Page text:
USA, 4: You really, REALLY need a car to get around. Hence, Cadillac!

This is the fourth post depicting me and my wife’s excursion to the USA. We are in the country to study, travel, business and leisure. Short version of the post: we went and got a car, because we didn’t have any other options.

So, what’s up?

We’ve been in the country for a couple of weeks. If there’s one thing, that’s become painfully clear, it’s the fact that you really need a car to get anywhere in this country. The only stores in Whitewater are Walgreens and Walmart, the latter being the worst kind of supermarket, where everyone goes by car. Even then, going to a supermarket by car is one thing, but getting to a goodwill or energy company or anything more excotic than a coffee shop gets borderline impossible.

Americans seem super nice, though, and we have received rides from Mari’s student friends, awesome folks at the CRU and of course our American friends Ben and David & Ellen. Having to bother other people to take you to a goodwill is pretty awful, though, so we wanted to get a car to ourselves. We had actually tentatively planned already before our trip, but things just got a more tangible when we actually got here and got to suffer from not having a vehicle on our own.

So, we did what any American would do, and bought a car. Cue, the…

Cadillac Deville 1995

When choosing a car, we had a few things we needed to consider. The car would have to have a lot of room (minimum 4 people + bags) for roadtripping, it’d have to be reasonably reliable, and if possible, it would need to be American. Fuel efficiency was not a huge concern for us, as gas costs around 50-70% less here, than it does in Finland. 

Cadillac Deville 1995. V8 engine, and drives like a boat.

I don’t know if getting the car actually made any sense or not. We did look for other options as well, but using taxis or rental cars seems absolutely hopeless, and getting a car seemed to be the only possible decision. I’ve got another blog post cooking about the unwillingness of anyone letting us buy anything (even anything as simple as a rental car), but at the very least the car dealerships weren’t the worst in that regard.

Pontiac Grand Prix
Pontiac Grand Prix at Beloitte. That one was clanky, but it’s younger 2008 brother was very promising and we kind of went to buy it.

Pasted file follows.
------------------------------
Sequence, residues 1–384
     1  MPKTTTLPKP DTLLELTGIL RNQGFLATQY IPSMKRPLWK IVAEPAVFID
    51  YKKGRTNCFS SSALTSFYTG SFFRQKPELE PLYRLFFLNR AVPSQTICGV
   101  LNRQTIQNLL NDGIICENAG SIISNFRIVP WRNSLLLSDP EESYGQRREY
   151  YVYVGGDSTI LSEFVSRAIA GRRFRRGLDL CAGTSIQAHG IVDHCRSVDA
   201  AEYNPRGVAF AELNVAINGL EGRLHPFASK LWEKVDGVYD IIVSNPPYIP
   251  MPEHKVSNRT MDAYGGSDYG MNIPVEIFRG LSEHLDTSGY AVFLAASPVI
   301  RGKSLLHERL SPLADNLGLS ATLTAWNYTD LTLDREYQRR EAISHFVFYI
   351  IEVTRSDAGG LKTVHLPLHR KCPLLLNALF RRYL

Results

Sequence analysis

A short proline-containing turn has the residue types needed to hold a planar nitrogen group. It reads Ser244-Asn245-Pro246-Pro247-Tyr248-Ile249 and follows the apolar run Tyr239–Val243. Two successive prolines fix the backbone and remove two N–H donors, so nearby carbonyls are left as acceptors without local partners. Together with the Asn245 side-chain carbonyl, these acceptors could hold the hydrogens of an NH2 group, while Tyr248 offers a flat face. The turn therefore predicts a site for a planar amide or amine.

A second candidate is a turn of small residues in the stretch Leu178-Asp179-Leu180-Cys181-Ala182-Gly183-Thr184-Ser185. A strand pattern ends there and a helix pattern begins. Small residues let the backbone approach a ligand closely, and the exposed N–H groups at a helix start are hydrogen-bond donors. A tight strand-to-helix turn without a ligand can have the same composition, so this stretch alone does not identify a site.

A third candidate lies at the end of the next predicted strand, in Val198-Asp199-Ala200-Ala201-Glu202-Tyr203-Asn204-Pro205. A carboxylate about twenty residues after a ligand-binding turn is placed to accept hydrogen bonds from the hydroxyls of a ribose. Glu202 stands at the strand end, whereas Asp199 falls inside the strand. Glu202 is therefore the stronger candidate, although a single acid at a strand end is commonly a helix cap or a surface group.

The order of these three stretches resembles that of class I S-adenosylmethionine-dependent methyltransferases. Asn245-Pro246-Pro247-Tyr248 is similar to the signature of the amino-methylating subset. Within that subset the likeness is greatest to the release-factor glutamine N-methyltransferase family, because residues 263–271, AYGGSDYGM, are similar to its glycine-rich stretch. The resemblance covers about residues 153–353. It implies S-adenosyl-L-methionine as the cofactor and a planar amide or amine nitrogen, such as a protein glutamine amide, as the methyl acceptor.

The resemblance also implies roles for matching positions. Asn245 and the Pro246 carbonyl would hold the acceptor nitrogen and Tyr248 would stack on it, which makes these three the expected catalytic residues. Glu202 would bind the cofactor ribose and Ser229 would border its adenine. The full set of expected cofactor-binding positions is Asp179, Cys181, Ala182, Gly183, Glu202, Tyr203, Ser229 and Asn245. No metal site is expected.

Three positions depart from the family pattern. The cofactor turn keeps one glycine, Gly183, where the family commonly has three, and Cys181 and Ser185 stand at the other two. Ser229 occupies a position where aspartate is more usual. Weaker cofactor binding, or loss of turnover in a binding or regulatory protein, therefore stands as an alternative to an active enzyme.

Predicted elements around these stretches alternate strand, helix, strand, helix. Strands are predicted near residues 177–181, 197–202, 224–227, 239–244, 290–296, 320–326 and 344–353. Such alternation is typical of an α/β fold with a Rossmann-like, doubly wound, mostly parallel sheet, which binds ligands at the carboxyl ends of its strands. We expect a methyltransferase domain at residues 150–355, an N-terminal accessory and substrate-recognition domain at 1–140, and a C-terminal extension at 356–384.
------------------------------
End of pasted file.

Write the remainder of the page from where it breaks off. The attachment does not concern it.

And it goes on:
What else did we consider?

Before finally ending up buying the Caddy we did take a look at multiple other options. Pontiac Grand Prix, some Dodges, and some Chevrolets at the very least were other possibilities. And of course we could’ve always backpedaled from the plan and actually end up buying a Kia or Toyota instead. However, the selection was somewhat limited (with our budget, geographical location and the time we had available), so after we were a bit hesitant and kind of lost a 2008 Pontiac Grand Prix, we though this beauty would be a cool plan B.

A couple of my friends already kind of criticised the decision NOT to buy a Ford Mustang, or similar muscle car. Those were never an actual option, as we’d need to get a car with reasonably comfortable seating for 4 persons. Can’t say that one wouldn’t be nice, though – and the Pontiacs had a slightly sporty feeling, so they got that going for them. Driving a boat around isn’t that bad of an option, though, and Caddy drives well and feels fun to maneuver!

Refueling the Cadillac
Refueling the Cadillac is still cheaper than refueling our 2005 Citroen in Finland, even though this thing has double the fuel tank size! Gas is pretty cheap around here…

My father-in-law already called dibs on the car, if we happen to bring it back with us to Finland. We’ll see about that, I guess…

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Antti K. Koskela

Solutions Architect / Escalations Engineer at Koskila / Norppandalotti Software / Valo Solutions
Antti Koskela is a proud digital native nomadic millenial full stack developer (is that enough funny buzzwords? That's definitely enough funny buzzwords!), who works as a Solutions Architect for Valo Intranet, the product that will make you fall in love with your intranet. Working with the global partner network, he's responsible for the success of Valo deployments happening all around the world. He's been a developer from 2004 (starting with PHP and Java), and he's been bending and twisting SharePoint into different shapes since MOSS. Nowadays he's not only working on SharePoint, but also on .NET projects, Azure, Office 365 and a lot of other stuff. This is his personal professional (e.g. professional, but definitely personal) blog.

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